Though the trapped vortex cavity afterburner 34 is illustrated in the exhaust section 126 of an exemplary medium bypass ratio turbofan gas turbine engine 10, it may be used in various other types of gas turbine engines such as a turbojet. When the trapped vortex cavity afterburner is used in a turbojet, exhaust flow from the turbines contain oxygen to be used for combustion by the afterburner. Compressor air may be flowed to the afterburner of the turbojet in order to have more oxygen for combustion.

The trapped vortex cavity afterburner 34 provides a thrust augmentation system that is inexpensive to manufacture and produce, and has the performance to meet the requirements of low levels of thrust augmentation or reheat. In an exemplary embodiment of the engine, each stage of the augmentor would produce approximately 150 degrees F. of temperature rise. The trapped vortex cavity afterburner 34 is probably capable of providing a heat or temperature rise or temperature rise of about of 100 to 200 degrees Fahrenheit for each stage containing a single annular trapped vortex cavity 50. The trapped vortex cavity afterburner 34 has no need for instream flameholders and development cost, acquisition cost, and maintenance costs would be low. The trapped vortex cavity afterburner 34 provides improved dry performance because there are no flameholders to reduce nozzle performance. The trapped vortex cavity afterburner 34 decreases the weight of the engine compared to one with conventional afterburners.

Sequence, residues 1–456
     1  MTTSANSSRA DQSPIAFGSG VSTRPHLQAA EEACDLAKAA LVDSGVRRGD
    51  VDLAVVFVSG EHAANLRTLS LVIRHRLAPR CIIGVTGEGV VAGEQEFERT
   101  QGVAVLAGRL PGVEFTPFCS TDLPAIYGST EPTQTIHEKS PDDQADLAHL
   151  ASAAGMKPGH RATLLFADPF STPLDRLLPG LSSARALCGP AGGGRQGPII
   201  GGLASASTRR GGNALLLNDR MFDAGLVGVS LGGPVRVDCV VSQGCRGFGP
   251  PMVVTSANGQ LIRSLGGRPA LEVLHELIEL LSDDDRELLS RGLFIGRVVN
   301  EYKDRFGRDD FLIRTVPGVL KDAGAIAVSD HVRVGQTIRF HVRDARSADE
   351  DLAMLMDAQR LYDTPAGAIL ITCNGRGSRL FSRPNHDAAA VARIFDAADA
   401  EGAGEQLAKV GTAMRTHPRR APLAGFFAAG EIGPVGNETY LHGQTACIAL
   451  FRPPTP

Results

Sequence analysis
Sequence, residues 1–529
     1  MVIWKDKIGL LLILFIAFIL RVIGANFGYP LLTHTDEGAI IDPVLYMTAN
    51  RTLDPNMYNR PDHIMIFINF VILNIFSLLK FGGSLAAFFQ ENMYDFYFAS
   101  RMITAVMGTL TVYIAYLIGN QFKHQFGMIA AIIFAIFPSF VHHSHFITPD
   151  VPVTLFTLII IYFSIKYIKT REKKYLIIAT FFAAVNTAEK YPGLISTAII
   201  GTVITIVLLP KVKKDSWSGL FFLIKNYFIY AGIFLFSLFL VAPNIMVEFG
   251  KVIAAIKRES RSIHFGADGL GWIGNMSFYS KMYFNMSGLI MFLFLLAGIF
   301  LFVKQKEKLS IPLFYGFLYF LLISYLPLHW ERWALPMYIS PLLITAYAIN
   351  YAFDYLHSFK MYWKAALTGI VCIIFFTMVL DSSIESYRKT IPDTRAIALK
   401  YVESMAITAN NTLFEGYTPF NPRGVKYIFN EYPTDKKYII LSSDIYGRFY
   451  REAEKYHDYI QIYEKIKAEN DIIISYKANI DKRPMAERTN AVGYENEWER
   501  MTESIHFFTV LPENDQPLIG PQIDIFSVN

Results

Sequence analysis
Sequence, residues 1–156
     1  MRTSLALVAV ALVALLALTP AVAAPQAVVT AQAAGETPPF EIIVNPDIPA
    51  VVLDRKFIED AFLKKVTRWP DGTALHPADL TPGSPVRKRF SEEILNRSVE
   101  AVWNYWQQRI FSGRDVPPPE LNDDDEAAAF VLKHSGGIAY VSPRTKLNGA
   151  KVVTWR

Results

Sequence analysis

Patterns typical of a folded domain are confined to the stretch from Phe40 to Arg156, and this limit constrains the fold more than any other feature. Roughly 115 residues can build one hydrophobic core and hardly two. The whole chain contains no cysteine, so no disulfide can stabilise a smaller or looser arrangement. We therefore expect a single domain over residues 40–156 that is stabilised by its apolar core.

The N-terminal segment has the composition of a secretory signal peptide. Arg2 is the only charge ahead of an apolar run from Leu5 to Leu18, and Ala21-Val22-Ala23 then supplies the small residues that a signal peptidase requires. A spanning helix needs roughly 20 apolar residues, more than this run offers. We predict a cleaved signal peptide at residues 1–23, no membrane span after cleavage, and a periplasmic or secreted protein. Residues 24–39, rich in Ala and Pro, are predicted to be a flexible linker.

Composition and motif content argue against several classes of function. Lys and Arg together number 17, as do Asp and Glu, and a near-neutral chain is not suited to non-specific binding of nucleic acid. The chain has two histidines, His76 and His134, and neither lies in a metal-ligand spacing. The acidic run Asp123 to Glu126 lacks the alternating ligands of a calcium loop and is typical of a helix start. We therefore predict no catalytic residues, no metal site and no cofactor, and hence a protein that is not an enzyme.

The trapped vortex cavity afterburner 34 may be used for various flight conditions calling for an additional amount of thrust for a short period of time. Takeoff and flight maneuvers are two examples of these flight conditions. The trapped vortex cavity afterburner 34 can be used to get overcome transonic drag rise as the engine propels an aircraft through transonic flight to supersonic flight where drag decreases and dry operation of the engine may be resumed.

While there have been described herein what are considered to be preferred and exemplary embodiments of the present invention, other modifications of the invention shall be apparent to those skilled in the art from the teachings herein, and it is, therefore, desired to be secured in the appended claims all such modifications as fall within the true spirit and scope of the invention.

Accordingly, what is desired to be secured by Letters Patent of the United States is the invention as defined and differentiated in the following claims:

Claims (26)

1. A trapped vortex cavity afterburner comprising:
one or more trapped vortex cavity stages for injecting a fuel/air mixture into a combustion zone,
the one or more trapped vortex cavity stages operable to provide all thrust augmenting fuel used for engine thrust augmentation, and
each one of the one or more trapped vortex cavity stages having at least one annular trapped vortex cavity.